The archives show continued parish ownership of some of these lands for centuries; all very well documented. As to the lands given at the time of the Enclosure Awards, 25 acres in all, the legal documents proving ownership by KC&EPC have all been provided. Ellingham Parish Council minutes provide evidence for its ownership of the Sand and Gravel Charity land. I would be happy to visit the Norfolk Record Office with council representatives to see the original documents.

I look forward to receiving the required information in the time scale afforded by the Freedom of Information Act 2000.

Yours sincerely,

Rod Cooke

Letter two

9th February 2016

Kirby Cane and Ellingham Parish Council.

Dear Clerk, Chair and Councillors,

Meeting of Kirby Cane and Ellingham Parish Council 15th November 2016

The minutes of the above meeting have an item recorded below the official record as follows:

  1. To consider correspondence relating to local charities: Councillors had all received copies of correspondence relating to the Ellingham United Charities and Sand & Gravel Charities.  The chairman and clerk explained their consultations with the solicitor at NP Law and the advice that had been given, namely that the council did not insure the lands in question, was not registered as owning them, and did not have them on its asset register.  Even if the correspondent could prove that the council had once owned them, the law of adverse possession would have long ago extinguished any rights.  Also, the council could not be forced to own something it did not wish to own.  The solicitor’s advice was that if the correspondent wished to take the matter further they would have to apply to the High Court at their own expense for a declaration that the council owned the land, and would have to prove their case to the court’s satisfaction and overcome the law of adverse possession.  The solicitor’s advice was to respond that the council did not own the land and would not enter into any further correspondence on the matter, and the clerk should file any further correspondence and not take any action.  His opinion was that no court would criticise the council for this action.  Councillors agreed that the clerk should reply to the correspondent accordingly, and add “as previously stated” and “[any correspondence] whatsoever”.  Councillors also approved that, subject to the outcome of the Ellingham United Charities forthcoming meeting, the clerk should reply to the correspondent to re-confirm that it was not possible to make a donation to the Sand & Gravel Charity.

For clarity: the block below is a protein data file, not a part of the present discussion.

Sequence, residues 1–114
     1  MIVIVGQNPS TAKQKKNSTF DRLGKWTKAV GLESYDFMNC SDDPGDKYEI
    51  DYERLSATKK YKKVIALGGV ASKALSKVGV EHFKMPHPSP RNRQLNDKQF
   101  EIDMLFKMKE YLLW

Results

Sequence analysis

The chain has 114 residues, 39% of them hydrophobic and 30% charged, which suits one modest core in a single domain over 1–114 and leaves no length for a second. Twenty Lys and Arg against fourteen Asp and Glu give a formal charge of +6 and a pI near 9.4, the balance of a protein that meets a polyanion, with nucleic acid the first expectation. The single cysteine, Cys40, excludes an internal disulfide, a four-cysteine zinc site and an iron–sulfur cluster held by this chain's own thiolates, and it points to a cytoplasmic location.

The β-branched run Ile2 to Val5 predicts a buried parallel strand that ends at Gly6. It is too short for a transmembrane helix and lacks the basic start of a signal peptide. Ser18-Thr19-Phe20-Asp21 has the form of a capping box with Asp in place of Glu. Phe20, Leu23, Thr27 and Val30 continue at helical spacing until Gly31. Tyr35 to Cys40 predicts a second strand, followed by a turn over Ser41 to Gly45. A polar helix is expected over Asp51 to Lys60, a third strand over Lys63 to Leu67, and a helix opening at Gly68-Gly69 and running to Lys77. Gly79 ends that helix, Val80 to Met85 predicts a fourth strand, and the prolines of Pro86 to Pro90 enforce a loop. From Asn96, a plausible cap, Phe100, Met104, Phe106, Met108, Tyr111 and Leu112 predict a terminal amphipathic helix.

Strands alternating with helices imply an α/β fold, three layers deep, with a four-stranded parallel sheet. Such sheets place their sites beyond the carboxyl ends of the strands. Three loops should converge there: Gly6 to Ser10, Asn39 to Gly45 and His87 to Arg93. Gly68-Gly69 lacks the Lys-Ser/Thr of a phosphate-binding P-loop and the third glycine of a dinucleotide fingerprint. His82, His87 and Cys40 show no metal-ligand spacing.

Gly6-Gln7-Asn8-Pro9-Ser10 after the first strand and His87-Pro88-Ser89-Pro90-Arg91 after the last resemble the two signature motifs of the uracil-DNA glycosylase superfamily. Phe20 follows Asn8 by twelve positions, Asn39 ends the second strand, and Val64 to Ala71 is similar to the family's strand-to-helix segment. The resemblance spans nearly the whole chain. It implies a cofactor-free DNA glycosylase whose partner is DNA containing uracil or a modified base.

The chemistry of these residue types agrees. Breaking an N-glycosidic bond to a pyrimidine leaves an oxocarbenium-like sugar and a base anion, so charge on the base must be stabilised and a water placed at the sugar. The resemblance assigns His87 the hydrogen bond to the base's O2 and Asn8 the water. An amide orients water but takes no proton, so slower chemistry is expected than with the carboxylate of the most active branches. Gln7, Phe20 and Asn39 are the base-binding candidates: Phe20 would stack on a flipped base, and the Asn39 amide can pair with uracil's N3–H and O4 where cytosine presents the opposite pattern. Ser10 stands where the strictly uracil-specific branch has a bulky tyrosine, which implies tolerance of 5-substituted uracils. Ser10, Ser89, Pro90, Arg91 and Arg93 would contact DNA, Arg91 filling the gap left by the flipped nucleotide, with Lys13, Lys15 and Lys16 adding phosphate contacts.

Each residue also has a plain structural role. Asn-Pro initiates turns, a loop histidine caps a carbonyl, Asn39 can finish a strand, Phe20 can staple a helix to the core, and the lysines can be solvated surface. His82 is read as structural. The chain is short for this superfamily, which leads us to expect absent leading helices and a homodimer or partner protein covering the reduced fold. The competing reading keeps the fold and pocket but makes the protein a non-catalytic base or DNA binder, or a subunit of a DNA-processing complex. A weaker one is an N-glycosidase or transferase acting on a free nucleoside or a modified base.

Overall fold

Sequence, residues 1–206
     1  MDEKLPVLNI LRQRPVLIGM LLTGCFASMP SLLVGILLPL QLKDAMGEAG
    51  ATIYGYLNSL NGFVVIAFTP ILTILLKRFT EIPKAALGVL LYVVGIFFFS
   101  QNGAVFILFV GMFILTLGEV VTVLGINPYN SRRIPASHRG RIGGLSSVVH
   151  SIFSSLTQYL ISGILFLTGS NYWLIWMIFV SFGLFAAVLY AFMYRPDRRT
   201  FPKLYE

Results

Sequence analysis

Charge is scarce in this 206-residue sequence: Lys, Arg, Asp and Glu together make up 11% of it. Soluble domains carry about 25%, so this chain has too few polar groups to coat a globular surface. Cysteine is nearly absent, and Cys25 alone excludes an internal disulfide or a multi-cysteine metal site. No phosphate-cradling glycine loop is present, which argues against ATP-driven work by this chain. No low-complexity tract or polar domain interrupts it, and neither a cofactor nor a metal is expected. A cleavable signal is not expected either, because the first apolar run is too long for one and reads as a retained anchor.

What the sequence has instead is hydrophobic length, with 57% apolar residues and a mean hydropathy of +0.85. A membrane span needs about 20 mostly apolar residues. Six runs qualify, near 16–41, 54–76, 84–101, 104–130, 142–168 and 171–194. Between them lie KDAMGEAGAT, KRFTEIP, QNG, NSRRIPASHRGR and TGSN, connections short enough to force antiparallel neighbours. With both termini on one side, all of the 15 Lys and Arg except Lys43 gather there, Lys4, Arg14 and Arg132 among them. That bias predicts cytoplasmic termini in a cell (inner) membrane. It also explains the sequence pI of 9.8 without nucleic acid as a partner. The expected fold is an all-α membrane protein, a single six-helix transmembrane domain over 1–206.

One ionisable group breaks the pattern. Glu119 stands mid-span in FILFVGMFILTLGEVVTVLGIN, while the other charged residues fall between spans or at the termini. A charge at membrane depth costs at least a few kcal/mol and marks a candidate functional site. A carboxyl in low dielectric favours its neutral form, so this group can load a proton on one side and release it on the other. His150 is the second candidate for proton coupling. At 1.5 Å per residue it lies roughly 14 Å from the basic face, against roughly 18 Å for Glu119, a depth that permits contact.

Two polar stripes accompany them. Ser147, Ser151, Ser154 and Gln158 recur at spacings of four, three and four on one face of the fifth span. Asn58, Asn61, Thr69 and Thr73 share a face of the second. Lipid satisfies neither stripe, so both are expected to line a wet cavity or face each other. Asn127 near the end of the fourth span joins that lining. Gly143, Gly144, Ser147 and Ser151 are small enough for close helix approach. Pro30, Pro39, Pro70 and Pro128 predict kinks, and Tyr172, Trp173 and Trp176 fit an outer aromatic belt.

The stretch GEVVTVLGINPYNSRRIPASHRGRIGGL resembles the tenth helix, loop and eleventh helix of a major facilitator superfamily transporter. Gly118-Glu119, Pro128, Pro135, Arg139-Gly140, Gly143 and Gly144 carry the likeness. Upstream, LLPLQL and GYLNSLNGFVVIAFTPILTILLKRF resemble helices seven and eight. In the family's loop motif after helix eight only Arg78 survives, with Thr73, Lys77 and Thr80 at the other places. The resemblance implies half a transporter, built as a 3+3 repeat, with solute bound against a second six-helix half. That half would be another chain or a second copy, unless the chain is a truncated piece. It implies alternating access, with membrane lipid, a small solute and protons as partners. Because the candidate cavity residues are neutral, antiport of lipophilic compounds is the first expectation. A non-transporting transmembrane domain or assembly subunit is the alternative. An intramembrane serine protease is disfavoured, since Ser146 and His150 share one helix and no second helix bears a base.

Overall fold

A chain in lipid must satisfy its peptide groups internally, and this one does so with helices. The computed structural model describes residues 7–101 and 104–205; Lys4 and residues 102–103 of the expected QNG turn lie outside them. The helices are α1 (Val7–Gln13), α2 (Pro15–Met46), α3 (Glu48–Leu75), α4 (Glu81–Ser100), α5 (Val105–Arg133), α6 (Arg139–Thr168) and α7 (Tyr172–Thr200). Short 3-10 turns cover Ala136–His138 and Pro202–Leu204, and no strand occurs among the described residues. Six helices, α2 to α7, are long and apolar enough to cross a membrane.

As there is no evidence whatsoever of this item being considered at a properly constituted meeting:

I am now asking via the Freedom of Information Act 2000 for copies of the correspondence, email or otherwise, between the Clerk, Chair and other councillors concerning Item 18 from below the minutes of the November 15th 2016 meeting. I am also asking for full details of councillors present for Item 18, those who took part in discussions, what dispensations were asked for and given and what interests were declared.

Whilst I will communicate this request via recorded delivery post, I will take the date for the start of FoI proceedings as from the date of this email.

I look forward to receiving the required information in the time scale afforded by the Freedom of Information Act 2000.

Yours sincerely,

Rod Cooke

Letter three:

08/03/2017 – 16:26

Dear Mr Cooke

Thank you for your email of 9 February 2017 where you requested information about:-

I am now asking via the Freedom of Information Act 2000 for copies of the correspondence, email or otherwise, between the Clerk, Chair and other councillors concerning Item 18 from below the minutes of the November 15th 2016 meeting. I am also asking for full details of councillors present for Item 18, those who took part in discussions, what dispensations were asked for and given and what interests were declared.”

And

“Owing to the absurdity of the above statements, I am now asking via the Freedom of Information Act 2000 for copies of the correspondence, email or otherwise, between the Clerk, Chair and the NP Law solicitor; or, copies of minutes taken, or notes made, during face to face meetings, or telephone conversations with the NP Law solicitor. Also copies of any memos, emails, or other communications between the Clerk and the Chair, other councillors. I also wish to have the reference from NP Law so that I, or my legal representative, can contact them.”

The parish council is not obliged to comply with a request for information if the request is vexatious or complied with a request for information which was made by any person, it is not obliged to comply with a subsequent identical or substantially similar request from that person unless a reasonable interval has elapsed between compliance with the previous request and the making of the current request.